I'm still making internal squeeing noises whenever I see that, although conversations elsewhere have me questioning the "non-believers" terminology. But when 53% of the American public are happy to admit to pollsters that they wouldn't vote for an atheist - and I suspect the true figure is higher - it's something that NEEDS to be said. And repeated, hopefully.

Random Inauguration links:

  • Inauguration video from the LA Times, with a Martin Luther King clip predicting a black president within 40 years, clips from the inauguration, and reactions from various people including the Heroes cast who stopped filming to watch.

  • The BBC Wordles the inauguration speech. Notable lack of "change", there, actually.

  • The new White House site, notably the blog and the technology agenda. "Restore Scientific Integrity to the White House: Restore the basic principle that government decisions should be based on the best-available, scientifically-valid evidence and not on ideological predispositions." I <3 you. Please come and govern here. And bring your "safeguard internet privacy" and "improve science teaching" policies, too.

  • CNN's "The Moment" photo blending thingy with Microsoft Photosynth - combines all the photos people have sent in of Obama taking the oath, so you can scroll and drag to see it from any distance and any angle. Technology awe!

  • And Anna Pickard at the Guardian reviews the internet reaction to the inauguration.


Jan. 21st, 2009 02:53 pm (UTC)
With the whole non-believer thing, I'm REALLY glad he said it. It's definitely a step in the right direction. I do think it's funny that we "non-believers" are getting all excited for one tiny little mention, yet the whole inauguration was filled with "God this and God that"...but ya gotta start somewhere, right?

Like I Tweeted to Penn Jillette last night when he said pretty much the same thing, I said that maybe someday we'll have an Atheist president. It could happen. I mean, look, a black man just became president and no one thought that would ever happen either! It might take some more time, but the possibility is out there. It took a cultural change of attitude. The same thing will need to happen on the gay/lesbian front as well as the non-religion follower front. Cripes folks, we're all just people, dammit! LOL

It's just gonna take some dialog and effort to make the "believers" out there realize that just because we don't necessarily believe in a "higher power", it doesn't mean that we worship Satan, are evil baby eaters or are out to destroy their way of life. It doesn't mean we can't be good people. In fact, traditionally, most atheists and agnostics adhere to the Judeo-Christian ethic. It boils down to the Golden Rule, really. Treat others as you'd have other treat you. So once the more ignorant (and unfortunately more numerous) of the bible-thumping believers get that through their thick skulls, the closer we'll all be being able to live in harmony. And that one little word, "non-believer" being broadcast worldwide in Obama's speech is definitely a great start!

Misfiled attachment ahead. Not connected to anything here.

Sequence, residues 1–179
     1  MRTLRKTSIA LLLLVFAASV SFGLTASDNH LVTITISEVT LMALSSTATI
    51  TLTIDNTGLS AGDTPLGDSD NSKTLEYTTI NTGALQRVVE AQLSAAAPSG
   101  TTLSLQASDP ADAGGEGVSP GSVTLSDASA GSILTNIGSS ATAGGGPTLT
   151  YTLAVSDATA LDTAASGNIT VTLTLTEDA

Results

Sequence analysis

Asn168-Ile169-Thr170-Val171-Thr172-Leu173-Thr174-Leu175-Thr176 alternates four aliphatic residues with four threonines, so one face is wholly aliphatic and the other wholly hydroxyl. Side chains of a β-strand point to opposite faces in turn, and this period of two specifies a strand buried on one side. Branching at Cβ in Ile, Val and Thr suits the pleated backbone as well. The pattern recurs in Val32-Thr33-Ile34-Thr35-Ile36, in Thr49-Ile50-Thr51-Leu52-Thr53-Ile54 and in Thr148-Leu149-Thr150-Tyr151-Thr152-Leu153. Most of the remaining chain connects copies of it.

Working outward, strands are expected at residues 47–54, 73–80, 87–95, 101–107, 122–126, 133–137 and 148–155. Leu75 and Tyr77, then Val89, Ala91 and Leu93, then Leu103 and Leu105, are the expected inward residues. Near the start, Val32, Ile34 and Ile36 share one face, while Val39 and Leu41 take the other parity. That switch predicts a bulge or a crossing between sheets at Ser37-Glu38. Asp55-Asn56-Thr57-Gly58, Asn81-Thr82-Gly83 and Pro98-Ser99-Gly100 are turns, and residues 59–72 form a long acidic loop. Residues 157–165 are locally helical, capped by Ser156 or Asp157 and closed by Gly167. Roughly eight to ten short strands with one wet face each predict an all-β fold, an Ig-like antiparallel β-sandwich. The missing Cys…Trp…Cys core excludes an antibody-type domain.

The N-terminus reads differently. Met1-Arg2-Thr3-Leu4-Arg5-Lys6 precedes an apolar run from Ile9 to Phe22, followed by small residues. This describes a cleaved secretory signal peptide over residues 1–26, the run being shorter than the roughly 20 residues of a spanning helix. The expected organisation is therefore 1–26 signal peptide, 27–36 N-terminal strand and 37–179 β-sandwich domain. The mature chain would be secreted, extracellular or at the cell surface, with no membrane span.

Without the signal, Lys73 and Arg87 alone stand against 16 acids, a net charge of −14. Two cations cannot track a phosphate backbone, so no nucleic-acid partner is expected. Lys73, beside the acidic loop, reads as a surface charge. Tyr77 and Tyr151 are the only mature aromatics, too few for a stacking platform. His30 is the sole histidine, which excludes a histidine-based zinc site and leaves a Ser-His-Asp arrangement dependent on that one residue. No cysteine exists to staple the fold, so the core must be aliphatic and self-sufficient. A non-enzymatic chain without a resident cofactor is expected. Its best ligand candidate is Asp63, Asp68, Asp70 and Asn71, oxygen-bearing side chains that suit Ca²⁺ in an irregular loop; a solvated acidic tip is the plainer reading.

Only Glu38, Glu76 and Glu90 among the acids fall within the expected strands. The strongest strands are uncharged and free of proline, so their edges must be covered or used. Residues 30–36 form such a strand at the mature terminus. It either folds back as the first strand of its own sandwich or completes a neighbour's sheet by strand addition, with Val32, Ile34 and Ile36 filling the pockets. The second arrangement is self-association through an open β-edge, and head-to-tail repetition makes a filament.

Great post here by the way, Caz!
Jan. 22nd, 2009 12:33 am (UTC)
Word. (And thank you!)

I honestly can't imagine an atheist US president - and I'm only slightly more hopeful about a UK openly atheist prime minister - but the example of black people and Obama is sooo encouraging. I hope he can help to make some progress on the sexuality and religion fronts too.
Jan. 22nd, 2009 07:48 am (UTC)
British government at all levels is stuffed with non-believers though. It's seriously not an issue here. One of the Whitehall departments did a diversity survey that discovered that they had nearly as many non-believers as Christians. People talk a lot about people being 'openly' this or that; but the British way is normally to just not mention stuff. Whereas it's not just that someone who was openly atheist couldn't be the US President, it's that people look to see the depth of faith of their public officials. In the UK people just don't care very much. On the other hand, somebody who was atheist to the extent that they wouldn't, say, give a reading in church at a memorial service, would have some trouble.
Jan. 22nd, 2009 08:08 am (UTC)
I'm not surprised at the results of the Whitehall department, really, but I'd be interested to see the same done for MPs, or ministers. Didn't Nick Clegg have some trouble when he said (or implied) that he didn't believe in God, and subsequently backtracked a bit? I take your point about being "openly atheist", and it's obviously going to be easier to identify religious people because religion is active where atheism is passive, mostly - the papers aren't looking out for what people don't do, or don't say.


bad wolf
Notes from extinction